Sunday, 13 May 2012

Old Scarlett - Died 1594

The Parish Clerk (1907)
Peter Hampson Ditchfield
Courtesy : Project Gutenburg
"The duties of sexton and parish clerk were usually performed by one person, as we have already frequently noticed, and therefore it is fitting that we should record the epitaph of Old Scarlett, most famous of grave-diggers, who buried two queens, both the victims of stern persecution, ill-usage, and Tudor tyranny--Catherine, the divorced wife of Henry VIII, and poor sinning Mary Queen of Scots. His famous picture in Peterborough Cathedral, on the wall of the western transept, usually attracts the chief attention of the tourist, and has preserved his name and fame. He is represented with a spade, pickaxe, keys, and a whip in his leathern girdle, and at his feet lies a skull. In [the upper left-hand corner appear the arms of the see of Peterborough, save that the cross-keys are converted into cross-swords. The whip at his girdle appears to show that Old Scarlett occupied the position of dog-whipper as well as sexton. There is a description of this portrait in the Book of Days, wherein the writer says:

"What a lively effigy--short, stout, hardy, self-complacent, perfectly satisfied, and perhaps even proud of his profession, and content to be exhibited with all its insignia about him! Two queens had passed through his hands into that bed which gives a lasting rest to queens and to peasants alike. An officer of death, who had so long defied his principal, could not but have made some impression on the minds of bishop, dean, prebends, and other magnates of the cathedral, and hence, as we may suppose, the erection of this lively portraiture of the old man, which is believed to have been only once renewed since it was first put up. Dr. Dibdin, who last copied it, tells us that 'old Scarlett's jacket and trunkhose are of a brownish red, his stockings blue, his shoes black, tied with blue ribbons, and the soles of his feet red. The cap upon his head is red, and so also is the ground of the coat armour.'" Beneath the portrait are these lines:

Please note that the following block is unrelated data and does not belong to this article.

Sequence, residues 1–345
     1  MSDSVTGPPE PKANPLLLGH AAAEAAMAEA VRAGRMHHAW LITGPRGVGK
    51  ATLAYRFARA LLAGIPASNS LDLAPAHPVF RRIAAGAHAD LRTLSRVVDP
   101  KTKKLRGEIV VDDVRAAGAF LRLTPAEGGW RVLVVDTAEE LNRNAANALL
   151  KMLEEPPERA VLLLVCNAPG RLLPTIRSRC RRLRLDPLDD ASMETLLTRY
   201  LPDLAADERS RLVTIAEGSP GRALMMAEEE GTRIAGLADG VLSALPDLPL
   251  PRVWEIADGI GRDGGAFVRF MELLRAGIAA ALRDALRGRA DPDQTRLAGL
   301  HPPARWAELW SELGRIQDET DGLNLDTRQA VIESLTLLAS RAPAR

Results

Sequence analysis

YOU SEE OLD SCARLETTS PICTURE STAND ON HIE
     BUT AT YOUR FEETE THERE DOTH HIS BODY LYE
     HIS GRAVESTONE DOTH HIS AGE AND DEATH TIME SHOW
     HIS OFFICE BY THEIS TOKENS YOU MAY KNOW
     SECOND TO NONE FOR STRENGTH AND STURDYE LIMM
     A SCARBABE MIGHTY VOICE WITH VISAGE GRIM
     HEE HAD INTER'D TWO QUEENES WITHIN THIS PLACE
     AND THIS TOWNES HOUSEHOLDERS IN HIS LIVES SPACE
     TWICE OVER: BUT AT LENGTH HIS OWN TURNE CAME
     WHAT HE FOR OTHERS DID FOR HIM THE SAME
     WAS DONE: NO DOUBT HIS SOUL DOTH LIVE FOR AYE
     IN HEAVEN: THOUGH HERE HIS BODY CLAD IN CLAY.

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